What if covid-19 is the solution we needed? What if the lessons we’ve learned from managing a global pandemic can save us from climate change? I hate to be that person who looks for the positive in a bleak situation, because I’m not meaning to minimalise or trivialise the 350 000 deaths worldwide as some sort of collateral damage in our rehearsal for change, but what if their deaths could mean something? What if we learnt. What if the radical changes we’ve made so quickly around the planet form the template for how to move to a new world order – a clean, green and economically-reformed approach that banishes the stain of our carbon footprint to the ether (speaking metaphorically)? What will this world even look like?
In just three months global emissions have decreased by over 26 per cent. If that trend continued for three more quarters, would we be close to being emission-neutral? There were one million planes in the sky around the world every day. That was the case pre-COVID. Right now, one million planes are not in the sky. Sure it’s inconvenient, and disappointing if you were looking forward to a fabulous holiday. No skiing trips to Japan, no summer holiday in the Greek islands, no bike riding in the lavender fields in the South of France. Just you, where you are, right now. We have all been forced to make the changes that none of us wanted to. We have always wanted behaviour change to be someone else’s currency.
Maybe it’s time to stop and smell the serenity! Let’s look at air travel as just one major change in human behaviour globally. In 2018, CO2 emissions from aviation passenger travel totalled 747 million tonnes. Considering that total carbon emissions from all human activity around the world, including agriculture and land use, is 43 billion tons annually, that’s a significant reduction. Couple this with a generalised reduction in car travel and industry, and cities like New Delhi and Seoul are experiencing more than a 60 per cent drop in PM 2.5 – the world’s deadliest air pollutant. Wuhan, where the virus originated, experienced its cleanest air quality on record through February and March, and LA had its longest ever stretch of clean air, finally meeting the UN’s air quality guidelines.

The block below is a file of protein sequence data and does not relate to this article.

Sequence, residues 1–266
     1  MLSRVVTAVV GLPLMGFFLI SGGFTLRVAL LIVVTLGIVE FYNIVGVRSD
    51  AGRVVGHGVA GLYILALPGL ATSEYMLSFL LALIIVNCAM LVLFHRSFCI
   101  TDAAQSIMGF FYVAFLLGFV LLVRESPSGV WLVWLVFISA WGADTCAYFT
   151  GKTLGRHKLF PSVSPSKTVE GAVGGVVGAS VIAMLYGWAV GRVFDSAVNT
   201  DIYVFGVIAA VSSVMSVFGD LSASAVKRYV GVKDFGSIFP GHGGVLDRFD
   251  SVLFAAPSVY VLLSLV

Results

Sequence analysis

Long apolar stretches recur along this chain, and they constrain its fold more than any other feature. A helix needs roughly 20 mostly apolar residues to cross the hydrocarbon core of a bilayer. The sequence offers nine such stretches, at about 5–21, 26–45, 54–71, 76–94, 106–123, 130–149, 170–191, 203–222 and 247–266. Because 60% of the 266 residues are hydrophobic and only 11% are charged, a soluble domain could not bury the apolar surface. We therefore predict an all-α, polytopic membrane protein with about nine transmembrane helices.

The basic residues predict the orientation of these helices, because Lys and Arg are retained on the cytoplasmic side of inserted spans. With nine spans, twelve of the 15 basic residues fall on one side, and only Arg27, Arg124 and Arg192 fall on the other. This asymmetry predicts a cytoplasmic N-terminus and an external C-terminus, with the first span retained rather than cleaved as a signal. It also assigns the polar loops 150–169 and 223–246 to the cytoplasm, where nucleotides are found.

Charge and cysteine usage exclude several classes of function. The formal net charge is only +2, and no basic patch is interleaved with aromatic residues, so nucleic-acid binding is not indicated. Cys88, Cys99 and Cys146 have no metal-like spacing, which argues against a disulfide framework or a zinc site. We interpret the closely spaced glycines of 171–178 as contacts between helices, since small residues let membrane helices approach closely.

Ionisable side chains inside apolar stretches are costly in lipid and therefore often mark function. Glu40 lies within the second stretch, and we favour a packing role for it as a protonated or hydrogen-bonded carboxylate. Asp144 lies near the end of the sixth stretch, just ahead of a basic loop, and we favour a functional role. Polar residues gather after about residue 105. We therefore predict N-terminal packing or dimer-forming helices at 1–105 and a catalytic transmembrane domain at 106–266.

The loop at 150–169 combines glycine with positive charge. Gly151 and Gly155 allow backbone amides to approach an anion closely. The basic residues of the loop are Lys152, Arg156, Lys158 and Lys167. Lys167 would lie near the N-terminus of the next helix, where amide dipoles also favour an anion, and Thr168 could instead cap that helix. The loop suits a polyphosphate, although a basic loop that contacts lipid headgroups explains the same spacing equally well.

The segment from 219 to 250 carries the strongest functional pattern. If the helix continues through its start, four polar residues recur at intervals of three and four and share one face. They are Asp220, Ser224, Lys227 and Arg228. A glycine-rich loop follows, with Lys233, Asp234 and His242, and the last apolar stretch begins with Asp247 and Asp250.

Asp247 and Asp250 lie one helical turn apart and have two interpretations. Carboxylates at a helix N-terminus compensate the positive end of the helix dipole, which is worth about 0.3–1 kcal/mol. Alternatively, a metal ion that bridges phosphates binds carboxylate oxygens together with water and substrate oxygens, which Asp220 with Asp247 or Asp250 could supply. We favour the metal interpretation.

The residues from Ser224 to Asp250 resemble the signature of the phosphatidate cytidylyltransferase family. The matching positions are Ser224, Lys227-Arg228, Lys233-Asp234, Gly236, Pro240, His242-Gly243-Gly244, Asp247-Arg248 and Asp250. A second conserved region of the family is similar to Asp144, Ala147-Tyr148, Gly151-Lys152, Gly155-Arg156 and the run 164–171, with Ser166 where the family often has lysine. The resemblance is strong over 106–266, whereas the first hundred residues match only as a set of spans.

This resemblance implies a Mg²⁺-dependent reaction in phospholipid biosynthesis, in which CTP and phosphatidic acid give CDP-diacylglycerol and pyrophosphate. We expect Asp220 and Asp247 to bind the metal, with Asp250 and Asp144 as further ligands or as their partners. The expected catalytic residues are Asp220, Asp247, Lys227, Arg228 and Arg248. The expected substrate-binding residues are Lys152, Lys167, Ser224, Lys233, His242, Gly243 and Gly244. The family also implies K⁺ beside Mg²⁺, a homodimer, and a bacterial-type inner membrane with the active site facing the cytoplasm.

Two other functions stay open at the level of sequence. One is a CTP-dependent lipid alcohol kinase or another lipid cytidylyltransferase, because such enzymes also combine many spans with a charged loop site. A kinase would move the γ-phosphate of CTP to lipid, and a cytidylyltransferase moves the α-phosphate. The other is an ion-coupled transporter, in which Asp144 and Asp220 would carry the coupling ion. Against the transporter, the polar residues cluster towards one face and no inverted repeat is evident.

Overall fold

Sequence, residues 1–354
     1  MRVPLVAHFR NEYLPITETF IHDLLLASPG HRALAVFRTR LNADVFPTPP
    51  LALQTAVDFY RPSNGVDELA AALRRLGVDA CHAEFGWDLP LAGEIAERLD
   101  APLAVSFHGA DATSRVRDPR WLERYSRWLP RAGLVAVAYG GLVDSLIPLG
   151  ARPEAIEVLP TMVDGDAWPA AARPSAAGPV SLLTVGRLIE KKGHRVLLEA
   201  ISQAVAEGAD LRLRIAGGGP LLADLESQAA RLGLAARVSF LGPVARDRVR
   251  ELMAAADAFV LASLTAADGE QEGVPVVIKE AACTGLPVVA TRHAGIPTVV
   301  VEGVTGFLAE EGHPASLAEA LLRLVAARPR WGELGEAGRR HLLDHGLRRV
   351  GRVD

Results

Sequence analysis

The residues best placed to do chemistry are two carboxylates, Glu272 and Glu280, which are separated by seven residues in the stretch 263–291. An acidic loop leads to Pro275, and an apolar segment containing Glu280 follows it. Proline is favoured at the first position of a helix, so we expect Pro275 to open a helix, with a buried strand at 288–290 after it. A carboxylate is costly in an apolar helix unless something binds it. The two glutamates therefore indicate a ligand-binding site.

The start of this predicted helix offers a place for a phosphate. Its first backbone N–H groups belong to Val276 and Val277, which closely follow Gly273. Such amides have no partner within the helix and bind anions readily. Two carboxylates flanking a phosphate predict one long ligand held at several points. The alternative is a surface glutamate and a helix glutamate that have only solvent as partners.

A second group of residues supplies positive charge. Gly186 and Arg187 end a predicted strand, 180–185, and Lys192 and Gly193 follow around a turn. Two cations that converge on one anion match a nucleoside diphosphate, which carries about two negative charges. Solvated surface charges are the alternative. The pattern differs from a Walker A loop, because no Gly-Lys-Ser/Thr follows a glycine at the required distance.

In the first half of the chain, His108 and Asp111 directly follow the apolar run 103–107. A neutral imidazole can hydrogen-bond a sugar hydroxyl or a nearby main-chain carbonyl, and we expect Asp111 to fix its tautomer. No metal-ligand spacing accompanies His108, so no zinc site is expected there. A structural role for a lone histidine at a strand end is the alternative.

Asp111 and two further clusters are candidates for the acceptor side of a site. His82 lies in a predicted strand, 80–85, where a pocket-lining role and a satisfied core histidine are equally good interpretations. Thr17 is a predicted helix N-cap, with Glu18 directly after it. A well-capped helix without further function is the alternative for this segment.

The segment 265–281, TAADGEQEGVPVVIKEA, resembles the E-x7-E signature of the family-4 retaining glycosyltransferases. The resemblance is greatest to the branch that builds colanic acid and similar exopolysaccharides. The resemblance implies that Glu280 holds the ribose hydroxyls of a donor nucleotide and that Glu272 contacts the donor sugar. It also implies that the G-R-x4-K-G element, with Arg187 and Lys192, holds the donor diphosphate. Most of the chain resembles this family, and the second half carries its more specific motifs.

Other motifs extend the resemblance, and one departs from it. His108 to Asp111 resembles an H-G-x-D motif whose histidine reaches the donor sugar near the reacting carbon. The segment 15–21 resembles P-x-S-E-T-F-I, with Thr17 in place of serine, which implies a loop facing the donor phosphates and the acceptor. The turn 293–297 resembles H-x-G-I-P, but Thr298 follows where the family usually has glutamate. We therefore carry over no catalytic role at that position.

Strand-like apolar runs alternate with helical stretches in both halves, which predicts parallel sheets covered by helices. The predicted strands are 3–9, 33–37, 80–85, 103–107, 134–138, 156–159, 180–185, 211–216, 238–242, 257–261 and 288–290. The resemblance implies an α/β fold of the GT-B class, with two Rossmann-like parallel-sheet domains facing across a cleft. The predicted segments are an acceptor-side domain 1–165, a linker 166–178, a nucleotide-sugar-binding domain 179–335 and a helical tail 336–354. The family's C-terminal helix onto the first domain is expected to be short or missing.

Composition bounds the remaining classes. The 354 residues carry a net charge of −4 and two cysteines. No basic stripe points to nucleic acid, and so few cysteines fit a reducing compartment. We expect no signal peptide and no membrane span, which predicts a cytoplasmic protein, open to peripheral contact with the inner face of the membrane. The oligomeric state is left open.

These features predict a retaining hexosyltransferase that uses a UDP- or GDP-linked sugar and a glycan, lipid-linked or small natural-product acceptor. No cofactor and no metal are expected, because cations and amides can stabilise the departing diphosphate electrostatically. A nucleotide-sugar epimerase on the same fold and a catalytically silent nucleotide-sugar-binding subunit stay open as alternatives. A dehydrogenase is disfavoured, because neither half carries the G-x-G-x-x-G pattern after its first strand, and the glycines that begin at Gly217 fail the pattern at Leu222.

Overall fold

You see, before the virus came along, corporations had been routinely killing people and our planet with the poisons of industry. Sanctioned by the need for endless economic growth, there has been little, if any, accountability. Forget worrying about the alleged impacts of 5G. Climate change continues to be the greatest threat to human and planetary health.
The same emissions that are killing our planet are also killing us. Ambient air pollution (outdoor) kills over 4.2 million people each year. The World Health Organisation has data that shows nine out of ten people breathe air containing high levels of pollutants that lead to premature death.
While I applaud the global response to the pandemic, I wonder, when it comes to climate change, why hasn’t this change come sooner? Every day that the pandemic restricts industries like travel we move close to economic crisis. The system is not robust. In fact, if the coronavirus has shown us one thing it’s that we live in an uncertain world, underwritten by an economy that at its foundations, and by its very nature, is characterised by fragility, not strength.
This is something many have known for some time – that the current global economic system is unstable, unsustainable, and at odds with human and planetary health. It’s long been clear that the kind of change required to bring a halt to climate impacts can’t be achieved without a total implosion of our current economic system. It has to break. And this coronavirus might just be the thing to do it.
It’s not just the virus that makes us sick. A thriving economy makes us sick. The economy has been seen as a given. There is a sense that the way it is the way it has to be.
We’ve seen that governments can change. That industry can change. That people can change. In this bleak time of little or no certainty, when I think about the opportunities created by this pandemic moving forward, it gives me hope. Governments have been forced to take advice from scientists, not corporations, or vested interests. Perhaps, if this trend continues after the pandemic is over, then true systemic change is on the horizon. And the good news is, the world is already half-way there. Perhaps in some strange way, that is the gift of COVID-19?
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